President Obama has proposed a $100 per flight tax on turboprop and turbojet business aircraft operating in the United States. These fees would be in addition to the current taxes, collected through a tax on aviation fuel, and increase the cost of using business, and personal, jet aircraft. As other countries have discovered when implementing similar fees, the impact on aircraft utilization can be significant, and travel volumes decline. For an industry already suffering from a recession, particularly at the low end of the market, this will be devastating.
Of course, this timing comes just as new general aviation aircraft, the Eclipse 500, Cessna Mustang and Embraer Phenom 100 have been introduced, and smaller forthcoming Cirrus ST-50 and Diamond D-Jets aimed at the small business and owner flown market, are being designed. Under this proposal, they will pay the same rate as a large Gulfstream or Boeing Business Jet that are an order of magnitude larger in size, and environmental impact. In addition, a new government bureaucracy will be needed to collect and account for these new taxes (disguised as user fees) which depart from today’s fair and simple method – based on the amount of fuel used.
Today’s system is fair, as large aircraft burn more fuel than small aircraft, and a fuel tax is also directly related to emissions, making an ideal tool to utilize for environmental regulation as well. A new flat tax per flight will be cumbersome, and will have unintended consequences in reducing employment, rather than increasing it.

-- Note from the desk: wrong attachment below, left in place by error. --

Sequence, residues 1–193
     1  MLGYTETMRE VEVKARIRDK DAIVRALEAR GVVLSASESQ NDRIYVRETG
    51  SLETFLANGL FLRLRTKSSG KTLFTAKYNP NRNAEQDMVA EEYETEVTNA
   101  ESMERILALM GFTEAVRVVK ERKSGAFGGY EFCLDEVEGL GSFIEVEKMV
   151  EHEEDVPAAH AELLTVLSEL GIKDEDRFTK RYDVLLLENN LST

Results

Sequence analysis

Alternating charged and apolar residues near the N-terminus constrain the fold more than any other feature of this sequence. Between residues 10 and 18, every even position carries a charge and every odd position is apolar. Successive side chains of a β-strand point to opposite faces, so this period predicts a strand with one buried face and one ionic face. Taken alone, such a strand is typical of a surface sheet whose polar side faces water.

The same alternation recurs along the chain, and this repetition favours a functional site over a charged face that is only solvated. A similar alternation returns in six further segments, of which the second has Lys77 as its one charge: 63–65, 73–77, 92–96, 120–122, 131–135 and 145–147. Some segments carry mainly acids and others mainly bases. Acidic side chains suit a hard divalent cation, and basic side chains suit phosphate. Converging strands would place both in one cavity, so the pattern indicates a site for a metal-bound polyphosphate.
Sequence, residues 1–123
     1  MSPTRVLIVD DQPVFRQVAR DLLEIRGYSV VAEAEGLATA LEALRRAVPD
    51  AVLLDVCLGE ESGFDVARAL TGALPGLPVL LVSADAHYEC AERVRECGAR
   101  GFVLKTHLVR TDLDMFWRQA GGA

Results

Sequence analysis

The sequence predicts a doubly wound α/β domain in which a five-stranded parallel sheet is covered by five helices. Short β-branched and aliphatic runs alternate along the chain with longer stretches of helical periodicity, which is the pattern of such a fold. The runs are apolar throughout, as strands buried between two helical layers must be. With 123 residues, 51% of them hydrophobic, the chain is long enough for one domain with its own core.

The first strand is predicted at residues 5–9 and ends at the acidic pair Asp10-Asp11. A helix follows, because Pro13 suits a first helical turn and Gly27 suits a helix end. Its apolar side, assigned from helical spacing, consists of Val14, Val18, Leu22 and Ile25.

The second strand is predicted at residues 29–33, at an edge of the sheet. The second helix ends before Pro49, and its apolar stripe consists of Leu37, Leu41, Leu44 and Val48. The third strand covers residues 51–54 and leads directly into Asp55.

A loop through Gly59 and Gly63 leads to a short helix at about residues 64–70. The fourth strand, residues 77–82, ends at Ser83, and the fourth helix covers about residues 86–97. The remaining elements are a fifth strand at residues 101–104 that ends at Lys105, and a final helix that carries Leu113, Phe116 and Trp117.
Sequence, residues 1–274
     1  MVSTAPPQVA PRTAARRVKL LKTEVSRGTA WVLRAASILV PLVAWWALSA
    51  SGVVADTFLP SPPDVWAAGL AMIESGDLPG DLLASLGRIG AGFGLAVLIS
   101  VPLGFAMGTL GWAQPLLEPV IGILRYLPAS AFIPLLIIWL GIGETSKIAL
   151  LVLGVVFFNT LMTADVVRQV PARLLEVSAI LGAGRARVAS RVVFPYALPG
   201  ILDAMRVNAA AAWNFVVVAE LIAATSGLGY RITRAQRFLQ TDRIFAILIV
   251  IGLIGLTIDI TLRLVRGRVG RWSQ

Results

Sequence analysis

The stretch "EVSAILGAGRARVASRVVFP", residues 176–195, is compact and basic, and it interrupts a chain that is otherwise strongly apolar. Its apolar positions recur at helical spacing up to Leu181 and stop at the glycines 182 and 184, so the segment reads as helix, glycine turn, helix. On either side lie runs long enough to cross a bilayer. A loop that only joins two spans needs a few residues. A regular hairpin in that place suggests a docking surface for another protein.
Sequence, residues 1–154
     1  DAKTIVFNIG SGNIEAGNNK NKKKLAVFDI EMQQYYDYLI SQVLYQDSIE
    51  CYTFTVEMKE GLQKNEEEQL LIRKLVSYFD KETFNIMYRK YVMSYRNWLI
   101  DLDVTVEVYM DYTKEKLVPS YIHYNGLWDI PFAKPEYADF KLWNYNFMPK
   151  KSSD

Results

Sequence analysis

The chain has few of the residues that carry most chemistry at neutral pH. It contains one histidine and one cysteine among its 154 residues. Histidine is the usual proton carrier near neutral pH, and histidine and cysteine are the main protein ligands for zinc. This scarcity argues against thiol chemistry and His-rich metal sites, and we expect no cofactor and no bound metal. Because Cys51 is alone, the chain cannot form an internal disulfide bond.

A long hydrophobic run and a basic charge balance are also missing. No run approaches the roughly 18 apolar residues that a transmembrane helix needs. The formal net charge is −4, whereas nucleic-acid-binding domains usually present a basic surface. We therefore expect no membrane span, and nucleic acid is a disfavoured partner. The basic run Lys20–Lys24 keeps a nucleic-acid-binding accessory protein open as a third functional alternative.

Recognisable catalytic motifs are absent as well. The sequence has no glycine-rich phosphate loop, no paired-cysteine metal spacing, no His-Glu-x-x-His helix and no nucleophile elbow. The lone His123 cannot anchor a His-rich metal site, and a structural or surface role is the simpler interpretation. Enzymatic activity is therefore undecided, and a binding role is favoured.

A $100 per flight surcharge nearly destroys the economics of the Cirrus ST-50 or Diamond D-Jet, which are aimed at the owner flown market, and will have relatively low hourly operating costs. With operating costs for these jets anticipated to be quite low – between $1 and $1.50 per mile, this would represent a 20% tax on a 500 mile trip. We all know what happens in free market economics when 20% price increases occur – volume drops.
This proposal is not only ill-timed, given the high unemployment and recession for the industry, but poorly constructed, impacting owner-flown and medium sized companies proportionately more than large companies that pay the same flat rate for larger aircraft. If more revenue is needed, increase the fuel tax, and share the load proportionally among all users on a fair basis – based on their environmental impact.
We normally refrain from discussions of political issues in this blog, but this proposal is so absurd and focused on apparent “pet-peeve” of the President – those who fly on business jets. He seems to have forgotten that those folks create a lot of jobs in aviation, in Wichita and other aircraft manufacturing centers, at FBOs across the country, and in every community into which they fly. While we haven’t been happy with Congress and either party, we hope that somebody in Washington shows some common sense and kills this proposal so we can maintain, rather than destroy, jobs in general aviation.